The Devil is in the Details: PA Superior Court Continues to Narrowly Construe Scope of the MCARE Patient Safety Privilege

By: Joshua Gajer and Margaret MacDonald
Healthcare Alert

Last Friday, in Lahr v. Lehigh Valley Hosp., the Superior Court of Pennsylvania issued an unpublished opinion once again narrowly interpreting the scope of the statutory privilege applicable to patient safety reports prepared under the dictates of the Medical Care Availability & Reduction of Error (MCARE) Act, 40 P.S. § 1303.101, et seq. Lahr is the second case in just the last few months in which the Superior Court has strictly applied the MCARE Act’s procedural requirements and held that, unless a hospital can affirmatively prove that it complied with those requirements, patient safety reports would not be considered privileged.

The Superior Court’s prior published decision in Ford-Bey took issue with the structure of the defendant hospital’s patient safety plan (finding no privilege because the patient safety plan itself did not strictly comply with the MCARE Act). In Lahr, although the patient safety plan was procedurally adequate, the Superior Court nevertheless held that three patient safety reports concerning the incident at issue were discoverable and not protected by the MCARE privilege because the hospital failed to prove that the patient safety reports at issue actually “arose out of ‘matters reviewed’ by a patient safety committee or a governing board.” The Superior Court provided little guidance as to what kind of proof was needed in this regard and injected further ambiguity by suggesting that a patient safety report need not actually be reviewed by the patient safety committee to satisfy the “arising out of matters reviewed” standard.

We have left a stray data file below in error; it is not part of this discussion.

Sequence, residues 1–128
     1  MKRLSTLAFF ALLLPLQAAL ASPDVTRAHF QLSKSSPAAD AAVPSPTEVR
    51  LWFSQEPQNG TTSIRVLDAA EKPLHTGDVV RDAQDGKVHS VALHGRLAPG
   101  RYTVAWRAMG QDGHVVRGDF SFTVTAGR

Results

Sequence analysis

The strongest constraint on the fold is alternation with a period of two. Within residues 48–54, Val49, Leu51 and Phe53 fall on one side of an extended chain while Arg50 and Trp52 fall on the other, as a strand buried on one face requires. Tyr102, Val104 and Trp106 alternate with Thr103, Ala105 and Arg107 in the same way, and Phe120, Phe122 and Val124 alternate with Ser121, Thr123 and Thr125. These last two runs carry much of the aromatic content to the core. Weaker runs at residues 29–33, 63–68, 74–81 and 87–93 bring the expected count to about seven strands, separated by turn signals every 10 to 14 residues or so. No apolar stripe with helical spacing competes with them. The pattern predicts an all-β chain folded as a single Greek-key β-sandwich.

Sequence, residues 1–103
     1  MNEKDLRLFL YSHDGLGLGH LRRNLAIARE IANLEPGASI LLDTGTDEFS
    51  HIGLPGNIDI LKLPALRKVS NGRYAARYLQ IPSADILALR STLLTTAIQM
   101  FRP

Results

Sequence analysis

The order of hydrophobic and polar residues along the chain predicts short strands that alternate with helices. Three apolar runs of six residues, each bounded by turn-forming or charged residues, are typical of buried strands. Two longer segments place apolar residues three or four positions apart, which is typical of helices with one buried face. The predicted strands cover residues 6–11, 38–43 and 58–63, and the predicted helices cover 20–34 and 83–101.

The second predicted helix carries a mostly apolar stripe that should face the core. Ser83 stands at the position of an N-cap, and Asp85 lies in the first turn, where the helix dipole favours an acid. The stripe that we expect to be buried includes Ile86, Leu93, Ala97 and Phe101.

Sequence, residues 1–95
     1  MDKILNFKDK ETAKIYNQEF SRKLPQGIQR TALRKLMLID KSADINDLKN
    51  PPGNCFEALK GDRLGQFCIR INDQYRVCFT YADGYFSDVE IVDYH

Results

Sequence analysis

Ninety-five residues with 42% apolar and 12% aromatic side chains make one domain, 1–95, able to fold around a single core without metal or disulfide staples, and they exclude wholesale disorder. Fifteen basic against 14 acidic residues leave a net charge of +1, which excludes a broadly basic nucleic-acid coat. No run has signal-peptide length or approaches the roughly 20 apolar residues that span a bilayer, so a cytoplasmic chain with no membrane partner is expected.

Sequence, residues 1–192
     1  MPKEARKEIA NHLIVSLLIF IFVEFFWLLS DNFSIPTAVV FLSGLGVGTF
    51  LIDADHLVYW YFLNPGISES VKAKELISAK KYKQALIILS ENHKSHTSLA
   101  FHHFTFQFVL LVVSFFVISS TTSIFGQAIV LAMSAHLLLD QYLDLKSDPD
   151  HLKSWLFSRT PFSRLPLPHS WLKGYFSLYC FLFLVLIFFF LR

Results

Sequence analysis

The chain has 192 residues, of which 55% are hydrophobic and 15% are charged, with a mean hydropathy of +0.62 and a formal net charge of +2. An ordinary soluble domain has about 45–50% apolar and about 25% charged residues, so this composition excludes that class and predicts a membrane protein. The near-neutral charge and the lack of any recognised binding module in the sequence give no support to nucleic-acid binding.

Although as an unpublished opinion, Lahr is not binding on Pennsylvania trial or appellate courts, it serves as a stark reminder that the Superior Court appears to strongly disfavor evidentiary privileges – particularly in the patient safety context – and that hospitals and other qualified health care providers in Pennsylvania undertaking patient safety reviews must be extremely diligent in their processes and record keeping to preserve applicable privileges in subsequent litigation.

If you have any questions or need more information, contact Joshua Gajer, Partner (; 215.864.6837) or Margaret MacDonald, Associate, (; 215.864.7050) or a member of our Healthcare Practice.

This correspondence should not be construed as legal advice or legal opinion on any specific facts or circumstances. The contents are intended for general informational purposes only and you are urged to consult a lawyer concerning your own situation and legal questions.



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